Two months ago, I wrote about the first wave of classic cars caught in superstorm Sandy's floods totaled by insurance companies and sent to East Coast salvage yards, for those who believe there's something worth keeping on a forty-year-old machine dunked in brackish waters. A browse through Copart's online listing this week shows that the crowd of Sandy-damaged classics has grown to number in the hundreds, ranging from old Packards to modern Ferraris. The crusher shouldn't be their only destination.
With more than 230,000 vehicles damaged by Sandy, the nation's insurers have been busy for months triaging the damage; many of those vehicles will be crushed, while some will be stripped for salvageable spare parts. A single dip in salt water can provide years of damage to a modern car, sprouting rust throughout the body, mold in all fabrics and corrosion on key electronic parts.
The story's a little different for classics. Take the '60s-era Chevy Corvettes in the New York and New Jersey lots; one 1967 Sting Ray valued at $81,000 before the storm suffered an estimated $60,000 in damage. Even without an engine, bidding for its body has reached $23,000. The 1988 Ferrari Testarossa shown above was valued at $50,000, but rebuilding its engine and hard-to-source electronics may be beyond the willpower of even the most ardent Miami Vice fan.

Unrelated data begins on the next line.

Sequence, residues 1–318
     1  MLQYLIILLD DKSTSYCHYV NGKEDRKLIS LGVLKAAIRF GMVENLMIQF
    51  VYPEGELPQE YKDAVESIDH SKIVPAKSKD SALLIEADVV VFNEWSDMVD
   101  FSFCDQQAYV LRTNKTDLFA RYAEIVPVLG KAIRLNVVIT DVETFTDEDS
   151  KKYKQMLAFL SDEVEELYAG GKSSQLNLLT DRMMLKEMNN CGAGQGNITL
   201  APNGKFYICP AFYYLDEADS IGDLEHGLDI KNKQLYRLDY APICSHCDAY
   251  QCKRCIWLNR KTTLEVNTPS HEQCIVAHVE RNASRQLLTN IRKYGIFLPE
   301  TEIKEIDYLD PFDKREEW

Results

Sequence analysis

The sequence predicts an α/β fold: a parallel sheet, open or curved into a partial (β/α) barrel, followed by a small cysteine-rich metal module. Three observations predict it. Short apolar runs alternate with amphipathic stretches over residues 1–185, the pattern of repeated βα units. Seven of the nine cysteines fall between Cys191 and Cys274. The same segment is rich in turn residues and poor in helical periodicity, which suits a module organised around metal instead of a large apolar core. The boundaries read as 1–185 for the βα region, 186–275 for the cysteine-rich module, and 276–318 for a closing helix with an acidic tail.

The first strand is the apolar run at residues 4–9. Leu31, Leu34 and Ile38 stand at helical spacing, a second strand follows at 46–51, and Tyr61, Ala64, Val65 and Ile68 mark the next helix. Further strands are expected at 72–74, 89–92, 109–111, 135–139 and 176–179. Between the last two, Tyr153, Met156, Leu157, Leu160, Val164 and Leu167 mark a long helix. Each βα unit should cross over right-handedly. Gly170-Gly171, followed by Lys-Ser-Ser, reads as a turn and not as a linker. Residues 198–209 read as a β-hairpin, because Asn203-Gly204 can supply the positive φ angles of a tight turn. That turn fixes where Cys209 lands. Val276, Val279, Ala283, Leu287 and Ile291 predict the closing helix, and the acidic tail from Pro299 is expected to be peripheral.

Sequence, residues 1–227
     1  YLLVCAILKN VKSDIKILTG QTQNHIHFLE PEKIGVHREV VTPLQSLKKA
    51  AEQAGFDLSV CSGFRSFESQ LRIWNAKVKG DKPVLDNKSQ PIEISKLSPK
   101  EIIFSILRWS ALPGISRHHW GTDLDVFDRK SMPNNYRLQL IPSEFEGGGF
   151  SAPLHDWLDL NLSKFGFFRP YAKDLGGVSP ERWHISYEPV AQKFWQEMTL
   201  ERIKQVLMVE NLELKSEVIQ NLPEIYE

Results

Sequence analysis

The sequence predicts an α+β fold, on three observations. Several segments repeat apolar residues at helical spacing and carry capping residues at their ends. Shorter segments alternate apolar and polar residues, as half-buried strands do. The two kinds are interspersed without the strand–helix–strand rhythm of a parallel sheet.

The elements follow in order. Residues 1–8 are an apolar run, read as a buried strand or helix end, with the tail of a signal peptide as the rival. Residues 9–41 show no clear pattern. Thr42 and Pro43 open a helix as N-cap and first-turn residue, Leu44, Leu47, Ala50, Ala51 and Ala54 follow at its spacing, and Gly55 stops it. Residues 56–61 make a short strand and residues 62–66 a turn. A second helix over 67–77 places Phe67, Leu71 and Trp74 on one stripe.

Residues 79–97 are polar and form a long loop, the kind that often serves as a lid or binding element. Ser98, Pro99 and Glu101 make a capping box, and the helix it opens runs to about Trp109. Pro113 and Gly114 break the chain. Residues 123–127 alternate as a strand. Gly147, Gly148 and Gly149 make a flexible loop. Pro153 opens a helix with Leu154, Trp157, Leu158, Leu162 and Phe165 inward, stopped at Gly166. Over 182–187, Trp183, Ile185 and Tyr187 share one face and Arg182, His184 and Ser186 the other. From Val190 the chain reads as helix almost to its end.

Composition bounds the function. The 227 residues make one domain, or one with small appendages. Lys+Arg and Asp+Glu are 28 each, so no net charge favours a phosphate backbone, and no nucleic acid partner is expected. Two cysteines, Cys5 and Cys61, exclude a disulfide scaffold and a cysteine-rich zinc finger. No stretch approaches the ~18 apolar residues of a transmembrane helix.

Sandy's floods didn't discriminate, claiming MGBs and Pontiac GTOs alike. There's enough Ford hot-rods and Chevy BelAirs in these lots to restage "American Graffiti," and of all the cars in the database, the idea of a 1969 Jaguar XKE with little visible water damage getting chopped for parts leaves me sad enough to skim the kids' college fund. (Salvage cars are sold as-is, and can be a hassle to drive legally even if they're mechanically copacetic.)
The oldest car in the mix — the 1928 Packard Six coupe, complete with rusty water sloshing in one of its driving lights — might be the one I'm most certain will be saved by a caring collector. It's simple enough to disassemble and clean; it's engine likely didn't suck in any water, and there's enough Packard enthusiasts across the country to provide the know-how and spare parts to get it running again. There's a reason some cars survive 85 years.